Dr. Conor Galvin is an assistant professor in the School of Education in University College Dublin with vast experience of technology in education. I met up with him at the 2016 annual conference of the Computers in Education Society of Ireland. I asked him if he saw any downside to the increasing use of technology in education or in society more generally. Continue reading →
Professor Kathleen Lynch is the Chair of Equality Studies at UCD. She has a particular interest in education and in October 2015 she was invited to give a keynote address to the Standing Conference on Teacher Education North and South (SCoTENS). I met up with her after her presentation and in one part of our conversation I mentioned having heard her speak before about the language we use to describe children in schools. I asked her if she could say something about that. Continue reading →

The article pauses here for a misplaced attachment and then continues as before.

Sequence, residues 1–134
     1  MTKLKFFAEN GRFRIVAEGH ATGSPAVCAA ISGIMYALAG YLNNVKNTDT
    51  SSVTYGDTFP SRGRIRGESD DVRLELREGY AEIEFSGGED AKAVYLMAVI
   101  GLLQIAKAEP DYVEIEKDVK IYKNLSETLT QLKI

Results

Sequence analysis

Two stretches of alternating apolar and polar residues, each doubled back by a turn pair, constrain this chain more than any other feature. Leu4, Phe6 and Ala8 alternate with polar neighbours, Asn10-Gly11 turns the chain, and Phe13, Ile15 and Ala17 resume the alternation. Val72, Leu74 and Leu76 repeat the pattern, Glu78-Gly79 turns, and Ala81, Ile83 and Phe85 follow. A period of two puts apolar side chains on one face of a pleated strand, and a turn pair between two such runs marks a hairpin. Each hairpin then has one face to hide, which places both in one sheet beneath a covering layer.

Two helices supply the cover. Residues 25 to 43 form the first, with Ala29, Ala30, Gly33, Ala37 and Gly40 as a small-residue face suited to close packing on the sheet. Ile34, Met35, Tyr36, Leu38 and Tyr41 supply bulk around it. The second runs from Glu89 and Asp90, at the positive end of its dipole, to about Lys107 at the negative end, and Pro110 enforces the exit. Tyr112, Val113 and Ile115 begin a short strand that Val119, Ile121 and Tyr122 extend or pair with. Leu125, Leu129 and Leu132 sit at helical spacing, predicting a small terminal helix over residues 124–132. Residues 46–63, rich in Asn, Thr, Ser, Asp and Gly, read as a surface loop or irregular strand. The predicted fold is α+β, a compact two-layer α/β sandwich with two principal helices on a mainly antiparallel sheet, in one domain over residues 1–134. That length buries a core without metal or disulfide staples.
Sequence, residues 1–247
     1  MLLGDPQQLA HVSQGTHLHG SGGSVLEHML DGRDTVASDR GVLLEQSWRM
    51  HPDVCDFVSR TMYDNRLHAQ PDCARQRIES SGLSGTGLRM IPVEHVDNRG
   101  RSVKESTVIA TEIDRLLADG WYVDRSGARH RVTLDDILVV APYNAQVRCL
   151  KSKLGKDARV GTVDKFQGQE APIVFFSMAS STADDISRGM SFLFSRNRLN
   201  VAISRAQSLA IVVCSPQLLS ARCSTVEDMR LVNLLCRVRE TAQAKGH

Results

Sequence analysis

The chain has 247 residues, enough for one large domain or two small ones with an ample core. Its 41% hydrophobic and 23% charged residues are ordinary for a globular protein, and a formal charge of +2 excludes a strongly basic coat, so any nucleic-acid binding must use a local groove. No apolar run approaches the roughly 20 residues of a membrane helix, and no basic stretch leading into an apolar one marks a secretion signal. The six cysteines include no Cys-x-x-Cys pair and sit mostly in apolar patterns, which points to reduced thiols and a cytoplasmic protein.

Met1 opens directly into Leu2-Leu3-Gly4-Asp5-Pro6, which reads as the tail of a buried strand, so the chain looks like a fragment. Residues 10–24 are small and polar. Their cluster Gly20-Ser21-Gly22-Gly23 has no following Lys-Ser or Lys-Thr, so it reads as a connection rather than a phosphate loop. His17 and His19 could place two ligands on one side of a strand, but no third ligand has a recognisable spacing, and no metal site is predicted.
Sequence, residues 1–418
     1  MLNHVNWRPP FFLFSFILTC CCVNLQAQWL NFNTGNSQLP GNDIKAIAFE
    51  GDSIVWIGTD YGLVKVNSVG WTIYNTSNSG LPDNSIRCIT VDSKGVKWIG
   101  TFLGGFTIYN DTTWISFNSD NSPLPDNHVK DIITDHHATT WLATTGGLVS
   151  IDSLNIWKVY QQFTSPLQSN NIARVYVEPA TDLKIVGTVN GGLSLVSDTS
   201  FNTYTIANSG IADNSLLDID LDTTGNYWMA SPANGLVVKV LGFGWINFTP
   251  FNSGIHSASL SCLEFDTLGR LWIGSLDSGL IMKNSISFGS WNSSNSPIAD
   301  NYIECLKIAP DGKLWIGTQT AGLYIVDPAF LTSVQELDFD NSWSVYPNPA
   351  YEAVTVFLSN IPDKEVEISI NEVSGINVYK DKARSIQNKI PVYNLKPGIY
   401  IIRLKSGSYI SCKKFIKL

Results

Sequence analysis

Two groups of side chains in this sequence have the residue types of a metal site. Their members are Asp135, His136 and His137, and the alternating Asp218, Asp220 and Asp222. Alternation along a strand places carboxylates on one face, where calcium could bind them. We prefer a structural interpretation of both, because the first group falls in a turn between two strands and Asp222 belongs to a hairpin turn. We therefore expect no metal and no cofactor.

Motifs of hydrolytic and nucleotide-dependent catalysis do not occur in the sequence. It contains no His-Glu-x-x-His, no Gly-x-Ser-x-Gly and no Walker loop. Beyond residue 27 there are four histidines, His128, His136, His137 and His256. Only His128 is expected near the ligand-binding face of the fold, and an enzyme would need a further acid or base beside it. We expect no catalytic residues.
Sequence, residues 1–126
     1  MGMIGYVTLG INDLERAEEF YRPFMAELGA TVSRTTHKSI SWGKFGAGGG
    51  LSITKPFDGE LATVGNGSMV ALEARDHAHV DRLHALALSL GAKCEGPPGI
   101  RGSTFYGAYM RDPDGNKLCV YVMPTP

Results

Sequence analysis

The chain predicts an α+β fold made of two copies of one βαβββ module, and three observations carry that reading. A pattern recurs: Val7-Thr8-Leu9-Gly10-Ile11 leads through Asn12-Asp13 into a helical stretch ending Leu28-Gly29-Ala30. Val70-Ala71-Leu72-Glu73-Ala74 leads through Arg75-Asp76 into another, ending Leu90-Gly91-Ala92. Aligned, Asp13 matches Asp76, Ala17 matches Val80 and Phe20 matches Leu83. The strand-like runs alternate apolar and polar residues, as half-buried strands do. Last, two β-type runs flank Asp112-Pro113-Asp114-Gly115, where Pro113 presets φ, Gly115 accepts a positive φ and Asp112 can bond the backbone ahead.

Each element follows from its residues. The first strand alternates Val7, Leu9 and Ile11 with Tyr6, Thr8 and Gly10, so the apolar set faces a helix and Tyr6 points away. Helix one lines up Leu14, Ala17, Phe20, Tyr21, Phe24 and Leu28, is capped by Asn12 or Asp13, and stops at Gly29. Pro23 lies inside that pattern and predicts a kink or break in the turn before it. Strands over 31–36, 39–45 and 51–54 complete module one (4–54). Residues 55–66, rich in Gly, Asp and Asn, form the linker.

Each week from October to June I present a weekly radio programme/podcast where I interview people from Ireland and abroad who have interesting perspectives on teaching, learning and education more generally. Over the coming weeks in the “Sunday Interview Highlight” blog posts I am going to transcribe short extracts from a selection of the interviews to give you a taste of the interviewees’ views on some aspects of education.
For the month of September, before the new season begins, I’m taking extracts from podcasts that were uploaded and broadcast in 2015-2016. Below the transcribed text is a link to the podcast where you can listen to the full interview in context.
This week I have transcribed an excerpt from my interview with Mary Roche, author of Developing Children’s Critical Thinking through Picturebooks: A Guide for primary and early years students and teachers. In the interview Mary described how in promoting critical thinking among children she was influenced by Philomena Donnelly’s work on philosophy for children. I asked her how she integrated philosophy for children into her teaching given the fact that philosophy is not a subject on the curriculum. Continue reading →